Chapter 0: Prelude
I have been asked a million times. Why Zambia? And as I paid for my expensive flight, I asked myself a million times. Why Zambia? My first stop in Livingstone, the land of wannabe backpackers with laptops and iPods, strategically positioned tattoos, and ‘I dont care, but I do care’ attitudes. My second stop, Lusaka, a place with nothing of interest even to the most curious.
And then I flew to Luangwa.
I rode a tiny plane with an hour’s worth of bumpy riding to the middle of nowhere. As we landed, the plane came to a harsh halt. A herd of impala was crossing the runway. A lady ran to welcome us to Mfuwe, and led me out of the airport where kids played football in the midst of some bush. It looked like the local football clubs had a huge following. At least among the deer and the warthogs. It hit me. After traveling for so long in the African continent, I had finally reached Africa.
Chapter 1: Home
8pm. I am guided to my tent by a man who has never been more than two kilometres from where he was born. His torch barely lights up the path. There’s a swishing sound from the grass. Was it a snake, or was it the wind? I can’t tell – except I don’t feel the wind blowing on my face.
My sagging sense of observation is suddenly awakened by a loud grunt about ten metres from me. Gah, it’s just the resident hippo, incorrigible in his mating endeavor. We hear the elephants breaking branches ahead of us. Diligently we get off the path and walk through the grass, in the direction of my tent.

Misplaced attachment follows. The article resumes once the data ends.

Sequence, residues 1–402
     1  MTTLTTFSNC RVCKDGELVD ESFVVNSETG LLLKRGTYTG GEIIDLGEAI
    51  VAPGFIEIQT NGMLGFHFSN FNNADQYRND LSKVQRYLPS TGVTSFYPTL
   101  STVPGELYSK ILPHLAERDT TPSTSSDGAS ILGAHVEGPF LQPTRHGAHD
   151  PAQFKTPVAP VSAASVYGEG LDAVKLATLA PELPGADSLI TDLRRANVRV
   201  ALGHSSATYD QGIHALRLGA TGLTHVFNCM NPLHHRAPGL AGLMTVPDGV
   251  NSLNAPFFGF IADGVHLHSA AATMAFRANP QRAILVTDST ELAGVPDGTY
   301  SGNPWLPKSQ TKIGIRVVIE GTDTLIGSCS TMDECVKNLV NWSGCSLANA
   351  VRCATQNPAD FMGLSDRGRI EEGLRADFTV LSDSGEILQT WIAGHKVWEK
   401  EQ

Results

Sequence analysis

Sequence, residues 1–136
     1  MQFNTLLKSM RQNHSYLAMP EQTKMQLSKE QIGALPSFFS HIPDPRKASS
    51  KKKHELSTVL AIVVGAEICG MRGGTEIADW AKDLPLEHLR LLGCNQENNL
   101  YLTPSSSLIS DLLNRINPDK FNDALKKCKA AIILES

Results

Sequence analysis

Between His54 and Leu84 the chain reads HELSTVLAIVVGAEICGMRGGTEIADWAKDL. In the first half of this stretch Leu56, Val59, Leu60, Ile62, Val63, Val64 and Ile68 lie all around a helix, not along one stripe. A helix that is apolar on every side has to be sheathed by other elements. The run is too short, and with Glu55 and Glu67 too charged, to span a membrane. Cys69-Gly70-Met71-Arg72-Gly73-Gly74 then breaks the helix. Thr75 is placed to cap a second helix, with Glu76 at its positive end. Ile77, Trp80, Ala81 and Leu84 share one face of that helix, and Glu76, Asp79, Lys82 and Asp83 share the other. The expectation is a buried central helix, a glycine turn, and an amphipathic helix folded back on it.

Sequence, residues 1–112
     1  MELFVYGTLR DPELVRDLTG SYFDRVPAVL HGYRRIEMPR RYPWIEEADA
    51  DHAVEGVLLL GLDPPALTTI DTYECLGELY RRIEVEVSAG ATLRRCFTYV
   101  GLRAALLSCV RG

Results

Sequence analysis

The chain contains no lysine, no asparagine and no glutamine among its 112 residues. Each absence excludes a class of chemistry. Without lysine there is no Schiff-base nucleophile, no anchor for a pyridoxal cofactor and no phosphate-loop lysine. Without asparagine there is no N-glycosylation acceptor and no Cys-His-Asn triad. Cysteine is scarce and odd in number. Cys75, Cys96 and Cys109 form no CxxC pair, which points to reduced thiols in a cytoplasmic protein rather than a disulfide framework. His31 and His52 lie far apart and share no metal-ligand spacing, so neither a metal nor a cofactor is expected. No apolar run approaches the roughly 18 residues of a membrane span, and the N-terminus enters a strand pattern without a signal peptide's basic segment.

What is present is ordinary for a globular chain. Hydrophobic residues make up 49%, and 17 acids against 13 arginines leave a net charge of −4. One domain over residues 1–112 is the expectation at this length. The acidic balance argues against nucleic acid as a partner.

I unzip my tent, crouch, and dutifully remind myself to conduct my regular checks. The hole in the mesh is still blocked, that’s a good sign. But the magazine I leaned flimsily against the gaping hole in the back has slid off, so I set it up again. My mind begins to wander – why has the magazine slid from its designated spot? The ground is even, and the magazine isn’t heavy. Did the snake from the morning make its way into my tent, thereby displacing the magazine? I shut my eyes to force such thoughts out of my head. It is impossible to sleep when your mind is seeking signs of a trespassing snake.
I keep the light on to keep the elephants away from my tent. Although no one believes this, I maintain that elephants stay away from lit tents. The moths break through my tender blockades and make a dash for the only light in the vicinity. I try to ignore them so I can fall asleep, but the frogs come bouncing in, in hot pursuit of the moths. I curse. I don’t want any snakes coming in, chasing the frogs. After the close call with a curious green mamba in Livingstone, I was pretty much done with snakes for the rest of my life.
Lights off. I’d rather take on elephants than snakes. Toss. Turn. Toss. Turn. This is my second sleepless night, the first one ruined by the horny hippo stomping around my tent. For a wannabe wildlife expert who grew up in cities scared of domestic lizards, it is hard to sleep when a hippo, a croc, lethal snakes and a whole herd of hungry elephants are lurking nearby, barely separated by a layer of linen that wouldn’t hold against a human punch, leave alone a passionate animal.
I give up and force myself out of bed. This is war. This is redemption. This is the preceding moment that will define my wildlife escapades of the future.
I have to face the grass. And all that it brings with it.
I crouch, unzip my tent, reset the magazine with two fingers and walk alone in the darkness back to civilization.
Fifteen minutes later, I tried to be unsurprised about still being alive. I browse through a narrow collection of books. I couldn’t more randomly have found a more appropriate book to keep me company over the next few days. The Trouble With Africa.